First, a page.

Monday, May 18, 2020

Carolyn Forché

Carolyn Forché was raised near Detroit in a Slovak/Irish home that was immersed in the Catholic faith. In adolescence she rebelled against the harsh Catholicism of her family, school and church, and began reading Protestant theologians ― seeking to make her faith her own. During her time at university she wandered, unsettled and distant from the surety of her isolated Catholic community, dabbling in various religious traditions.

In 1978 she travelled to El Salvador ― on a Guggenheim Fellowship with Amnesty International ― believing this was something God was asking her to do. She met the poet and priest Óscar Romero, and the self-sacrificing, joyful, oppressed Salvadoran people. This transformed her spiritual life, and drew her back into the Catholic church. Later, when she returned to the US, she tried to be a journalist, to communicate what was going on in El Salvador, as Óscar Romero had asked her to do. She failed; however, she had been writing poetry, and through it she began to shed light on the atrocities.

She had won the Yale Younger Poets Prize for her first book Gathering the Tribes (1975), and through her new book, The Country Between Us (1981) fulfilled the commission Romero gave her prior to his assassination in 1980.

She has since coined the term “Poetry of Witness,” and edited the anthology of politically-charged poems Against Forgetting (1993). Her fifth collection, In the Lateness of the World (2020), has just been published by Penguin Press.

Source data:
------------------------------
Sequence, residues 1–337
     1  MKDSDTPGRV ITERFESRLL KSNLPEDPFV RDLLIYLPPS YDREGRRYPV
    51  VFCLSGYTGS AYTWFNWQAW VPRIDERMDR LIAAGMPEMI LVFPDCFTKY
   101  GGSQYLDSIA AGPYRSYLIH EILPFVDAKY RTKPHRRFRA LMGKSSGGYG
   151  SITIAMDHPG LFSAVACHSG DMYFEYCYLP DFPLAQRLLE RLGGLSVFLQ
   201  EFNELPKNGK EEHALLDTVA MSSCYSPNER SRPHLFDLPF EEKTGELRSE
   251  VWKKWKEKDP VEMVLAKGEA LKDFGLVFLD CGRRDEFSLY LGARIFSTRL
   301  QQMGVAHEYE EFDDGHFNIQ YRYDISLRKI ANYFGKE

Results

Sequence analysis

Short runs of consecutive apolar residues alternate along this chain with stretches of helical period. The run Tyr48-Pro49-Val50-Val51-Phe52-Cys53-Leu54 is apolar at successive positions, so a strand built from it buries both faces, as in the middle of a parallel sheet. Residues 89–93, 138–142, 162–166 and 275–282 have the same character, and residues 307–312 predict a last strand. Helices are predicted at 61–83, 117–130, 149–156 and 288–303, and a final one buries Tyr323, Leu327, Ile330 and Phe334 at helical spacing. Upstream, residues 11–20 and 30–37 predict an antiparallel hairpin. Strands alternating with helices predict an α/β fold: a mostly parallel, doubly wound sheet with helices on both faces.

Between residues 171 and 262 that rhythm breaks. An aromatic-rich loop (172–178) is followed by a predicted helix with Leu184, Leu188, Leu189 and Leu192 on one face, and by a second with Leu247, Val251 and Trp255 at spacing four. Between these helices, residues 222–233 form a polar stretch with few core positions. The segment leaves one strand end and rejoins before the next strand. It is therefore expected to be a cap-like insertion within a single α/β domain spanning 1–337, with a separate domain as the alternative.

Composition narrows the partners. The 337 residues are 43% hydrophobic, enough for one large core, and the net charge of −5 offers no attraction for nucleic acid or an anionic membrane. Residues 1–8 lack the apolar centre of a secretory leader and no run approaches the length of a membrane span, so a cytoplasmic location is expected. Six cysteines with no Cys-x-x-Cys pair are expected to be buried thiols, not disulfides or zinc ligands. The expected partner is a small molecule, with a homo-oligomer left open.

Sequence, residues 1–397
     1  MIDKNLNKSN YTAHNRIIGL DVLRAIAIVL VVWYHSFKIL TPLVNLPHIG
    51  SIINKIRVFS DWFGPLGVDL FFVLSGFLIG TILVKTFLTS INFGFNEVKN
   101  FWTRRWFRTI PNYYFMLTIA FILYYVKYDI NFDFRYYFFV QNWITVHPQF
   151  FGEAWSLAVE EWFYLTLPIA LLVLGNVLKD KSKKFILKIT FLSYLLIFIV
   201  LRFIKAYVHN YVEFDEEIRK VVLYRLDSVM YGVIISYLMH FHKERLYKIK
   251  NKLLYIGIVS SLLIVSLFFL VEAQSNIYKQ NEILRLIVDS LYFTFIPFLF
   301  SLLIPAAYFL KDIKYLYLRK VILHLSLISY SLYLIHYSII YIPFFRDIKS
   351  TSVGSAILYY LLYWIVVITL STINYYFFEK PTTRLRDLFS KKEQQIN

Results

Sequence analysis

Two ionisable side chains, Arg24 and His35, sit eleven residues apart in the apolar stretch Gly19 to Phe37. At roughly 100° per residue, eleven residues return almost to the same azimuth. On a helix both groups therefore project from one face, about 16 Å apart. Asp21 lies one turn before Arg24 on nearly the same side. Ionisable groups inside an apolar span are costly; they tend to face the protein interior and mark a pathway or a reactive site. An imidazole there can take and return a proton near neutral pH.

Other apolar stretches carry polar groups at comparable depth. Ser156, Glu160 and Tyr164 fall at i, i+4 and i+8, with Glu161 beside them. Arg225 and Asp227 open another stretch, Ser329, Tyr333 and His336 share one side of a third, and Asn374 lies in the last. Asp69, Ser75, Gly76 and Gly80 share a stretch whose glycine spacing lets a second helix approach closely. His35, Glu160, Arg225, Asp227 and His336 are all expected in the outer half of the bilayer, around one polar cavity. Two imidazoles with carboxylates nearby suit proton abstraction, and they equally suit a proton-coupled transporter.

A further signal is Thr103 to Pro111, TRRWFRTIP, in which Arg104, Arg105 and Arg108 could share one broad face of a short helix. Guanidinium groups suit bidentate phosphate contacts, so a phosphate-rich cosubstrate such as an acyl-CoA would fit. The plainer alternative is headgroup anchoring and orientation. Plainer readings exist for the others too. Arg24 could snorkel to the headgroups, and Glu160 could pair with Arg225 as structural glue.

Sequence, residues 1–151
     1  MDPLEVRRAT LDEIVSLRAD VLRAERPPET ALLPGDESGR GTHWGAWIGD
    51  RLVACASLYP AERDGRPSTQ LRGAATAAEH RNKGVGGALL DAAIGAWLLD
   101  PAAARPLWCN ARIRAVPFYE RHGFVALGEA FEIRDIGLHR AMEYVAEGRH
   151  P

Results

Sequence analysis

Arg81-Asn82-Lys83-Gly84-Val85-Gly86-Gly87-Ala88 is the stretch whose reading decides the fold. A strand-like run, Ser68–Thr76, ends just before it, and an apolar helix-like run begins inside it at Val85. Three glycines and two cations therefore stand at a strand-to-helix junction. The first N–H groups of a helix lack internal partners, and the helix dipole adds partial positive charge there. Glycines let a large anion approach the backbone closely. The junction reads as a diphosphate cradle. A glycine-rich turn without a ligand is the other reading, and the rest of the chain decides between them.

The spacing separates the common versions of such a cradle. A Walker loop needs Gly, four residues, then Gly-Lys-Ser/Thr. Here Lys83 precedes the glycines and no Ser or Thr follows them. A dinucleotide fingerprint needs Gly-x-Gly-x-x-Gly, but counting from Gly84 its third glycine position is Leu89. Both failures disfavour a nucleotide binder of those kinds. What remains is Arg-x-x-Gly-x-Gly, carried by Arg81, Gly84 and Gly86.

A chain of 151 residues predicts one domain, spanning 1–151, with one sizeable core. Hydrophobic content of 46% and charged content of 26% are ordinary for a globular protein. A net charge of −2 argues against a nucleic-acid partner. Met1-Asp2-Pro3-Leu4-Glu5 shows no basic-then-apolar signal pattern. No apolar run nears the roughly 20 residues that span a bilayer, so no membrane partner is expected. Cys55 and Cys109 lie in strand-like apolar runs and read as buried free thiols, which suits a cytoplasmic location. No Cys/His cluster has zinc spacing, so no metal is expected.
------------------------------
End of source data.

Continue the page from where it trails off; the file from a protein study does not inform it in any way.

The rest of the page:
The following poem is from her collection Blue Hour (2003)


Begin again among the poorest, moments off, in another
-----time and place.
Belongings gathered in the last hour, visible invisible:
Tin spoon, teacup, tremble of tray, carpet hanging from
-----sorrow’s balcony.
Say goodbye to everything. With a wave of your hand,
-----gesture to all you have known.
Begin with bread torn from bread, beans given to the
-----hungriest, a carcass of flies.
Take the polished stillness from a locked church, prayer
-----notes left between stones.
Answer them and hoist in your net voices from the
-----troubled hours.
Sleep only when the least among them sleeps, and then
-----only until the birds.
Make the flatbed truck your time and place. make the least
-----daily wage your value.
Language will rise then like language from the mouth of a
-----still river. No one’s mouth.
Bring night to your imaginings. bring the darkest passage
-----of your holy book.

This post was suggested by my friend Burl Horniachek.

Entry written by D.S. Martin. His latest poetry collection is Ampersand (2018, Cascade). His books are available through Amazon, and Wipf & Stock, including the anthologies The Turning Aside, and Adam, Eve, & the Riders of the Apocalypse.